How to Overcome Dry Drunk Syndrome
Dry drunk syndrome occurs in cases in which people who have given up the addiction to alcoholic beverages continue to manifest behaviors similar to those they had when they were consuming the substance.
It’s common to see friends and family members surprised because a person doesn’t improve their behavior despite having quit drinking. In this sense, the best explanation that can be given to this phenomenon is that the person who has been rehabilitated hasn’t really managed to abandon the mental patterns of a consumer.
When an addict stops consuming a substance, they must change certain maladaptive thought patterns. If this doesn’t happen, recovery is only partial.
What are the symptoms of dry drunk syndrome?
People who no longer consume alcohol tend to think that they’ve fully recovered from addiction. However, the reality is that it isn’t that simple.
One of the main symptoms of dry drunk syndrome is emotional immaturity. Generally, people don’t act according to their chronological age.
Childishness occurs when an adult has behaviors of an earlier developmental stage. For example, men who have passed their thirties and their priorities are still very similar to those of their teenage years. In this sense, emotional immaturity and infantilism go hand in hand, although they’re different.
Emotional immaturity refers to the difficulty or impossibility of managing one’s own emotions. People with low frustration tolerance think that everything is allowed. When they cannot have something the way they want it, they get irritated.
In the same way, the most relevant sign of this syndrome is egocentrism. Many addicts who’ve managed to stop consuming develop a fantasy in which they’re superior to the rest because they’ve achieved a feat that would imply praise and admiration.
Why does it happen?
The cause of dry drunk syndrome is the deficiency in the rehabilitation process. That is, it’s often thought that rehabilitation is effective when the addict stops using, but in reality, other factors must be taken into account.
An addict’s way of thinking is compulsive. This implies that, even though there’s no substance use, they’ll continue with punctual behavior patterns. In general terms, those who present the syndrome don’t need to consume alcohol to be irrationally irresponsible.
In summary, we can list the causes as collective ignorance about addictions. Undoubtedly, the fact of thinking that addiction is based only on consumption prevents people from seeking professional help when they stop drinking on their own.
Tips for overcoming dry drunk syndrome
When we understand that alcohol addiction goes beyond drinking, we can access comprehensive rehabilitation that keeps us away from drinking and also promotes behavioral change. Let’s take a look at what it looks like.
1. Focus on changing the way you think.
Real change always comes from the way we think. When we’re able to modify maladaptive thinking patterns, behavior is also modified collaterally.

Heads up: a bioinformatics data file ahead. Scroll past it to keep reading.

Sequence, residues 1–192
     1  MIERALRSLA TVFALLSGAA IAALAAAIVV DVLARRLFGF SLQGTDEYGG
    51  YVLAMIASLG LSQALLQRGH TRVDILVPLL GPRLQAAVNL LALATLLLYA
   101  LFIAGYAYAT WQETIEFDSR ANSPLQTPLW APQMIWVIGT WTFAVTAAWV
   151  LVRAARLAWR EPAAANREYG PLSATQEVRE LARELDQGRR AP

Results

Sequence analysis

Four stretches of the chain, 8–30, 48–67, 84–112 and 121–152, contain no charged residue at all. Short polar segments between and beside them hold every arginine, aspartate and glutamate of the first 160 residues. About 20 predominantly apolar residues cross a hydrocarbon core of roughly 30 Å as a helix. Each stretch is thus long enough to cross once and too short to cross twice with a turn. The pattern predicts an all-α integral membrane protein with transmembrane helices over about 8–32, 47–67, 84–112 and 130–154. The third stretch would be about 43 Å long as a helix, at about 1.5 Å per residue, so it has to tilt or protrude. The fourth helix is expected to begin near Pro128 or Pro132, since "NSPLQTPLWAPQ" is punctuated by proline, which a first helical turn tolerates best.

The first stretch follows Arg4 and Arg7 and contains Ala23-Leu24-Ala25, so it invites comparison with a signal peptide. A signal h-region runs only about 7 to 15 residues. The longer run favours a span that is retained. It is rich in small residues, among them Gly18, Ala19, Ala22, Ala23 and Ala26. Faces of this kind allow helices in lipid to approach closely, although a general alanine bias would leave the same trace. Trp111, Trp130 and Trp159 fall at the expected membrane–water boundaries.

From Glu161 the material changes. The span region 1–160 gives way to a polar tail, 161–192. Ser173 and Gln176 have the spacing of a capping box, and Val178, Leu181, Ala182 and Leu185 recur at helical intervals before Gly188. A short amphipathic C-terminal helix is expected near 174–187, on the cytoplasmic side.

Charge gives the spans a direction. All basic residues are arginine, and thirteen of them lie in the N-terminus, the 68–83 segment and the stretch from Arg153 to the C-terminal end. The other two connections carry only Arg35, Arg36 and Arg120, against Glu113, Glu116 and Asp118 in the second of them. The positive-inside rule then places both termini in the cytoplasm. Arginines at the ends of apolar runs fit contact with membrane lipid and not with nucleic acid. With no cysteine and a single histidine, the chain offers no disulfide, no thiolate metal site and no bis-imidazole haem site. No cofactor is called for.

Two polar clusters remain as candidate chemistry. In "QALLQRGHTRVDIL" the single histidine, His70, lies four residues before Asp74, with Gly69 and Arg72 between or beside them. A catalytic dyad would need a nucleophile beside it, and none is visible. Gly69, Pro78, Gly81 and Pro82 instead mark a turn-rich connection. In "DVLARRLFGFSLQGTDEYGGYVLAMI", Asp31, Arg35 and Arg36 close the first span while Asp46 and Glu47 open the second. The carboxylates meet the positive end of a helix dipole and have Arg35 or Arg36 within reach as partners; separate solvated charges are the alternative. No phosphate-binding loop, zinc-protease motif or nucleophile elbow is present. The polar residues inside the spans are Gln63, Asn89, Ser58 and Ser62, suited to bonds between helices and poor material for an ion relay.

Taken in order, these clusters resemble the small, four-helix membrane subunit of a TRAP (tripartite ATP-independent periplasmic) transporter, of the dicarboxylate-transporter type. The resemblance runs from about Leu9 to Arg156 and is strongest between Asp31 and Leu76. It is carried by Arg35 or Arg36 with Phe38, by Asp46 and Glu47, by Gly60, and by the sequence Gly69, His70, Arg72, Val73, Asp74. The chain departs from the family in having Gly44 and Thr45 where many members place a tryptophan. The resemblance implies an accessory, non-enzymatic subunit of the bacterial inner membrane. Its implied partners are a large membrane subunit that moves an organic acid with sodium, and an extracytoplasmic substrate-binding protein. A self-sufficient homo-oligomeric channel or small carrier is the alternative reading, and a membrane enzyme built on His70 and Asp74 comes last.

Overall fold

So, the priority should be to model thoughts towards a socially adaptive ideology.
2. Accept that coping isn’t something anyone can do overnight.
Having unrealistic expectations complicates the process of improvement. The person must understand changes as medium and long-term projects. This way, the person can better value small achievements and the anxiety dissipates.
Pretending that when you stop drinking, your problems will be over is a simplistic idea.
3. Seek professional help.
For the rehabilitation to be effective, the person must go to a specialist. Fundamentally a psychologist should provide the necessary tools so that the change in the schemes of thought take place and are maintained over time.
How can I help someone with dry drunk syndrome?
The best way to support a person with dry drunk syndrome is to show them that their problems continue to affect their life. In some cases, the task of getting them to accept their situation isn’t easy; resistance to reality is strong.
In people who’ve stopped drinking, there’s usually a more intense denial process than in those who continue to drink. In this sense, you shouldn’t attempt to help in a forced manner. The most effective method is usually psychoeducation on the importance of changing old habits.
Progressively, you should attempt an approach that generates trust with the person. Always avoid making value judgments about their lives and decisions. The objective is to promote an effective change that involves the person as a protagonist. Hence, the person may require psychological care.
Keep reading: What Happens When you Drink Alcohol On An Empty Stomach
Can people with this syndrome resume drinking?
The answer is yes. Dry drunk syndrome is a fiction in which the person believes they’re rehabilitated. Therefore, relapse to drinking is possible.
However, it’s uncommon for those who have stopped drinking to return to it with the same frequency. It’s very likely to be minor and sporadic relapses.
What prevents a return to addiction?
In this case, the sense of control and security gained by those who stop drinking becomes the new substance that has replaced the effects of alcohol. The addiction remains, but it’s no longer about drinking, but about control.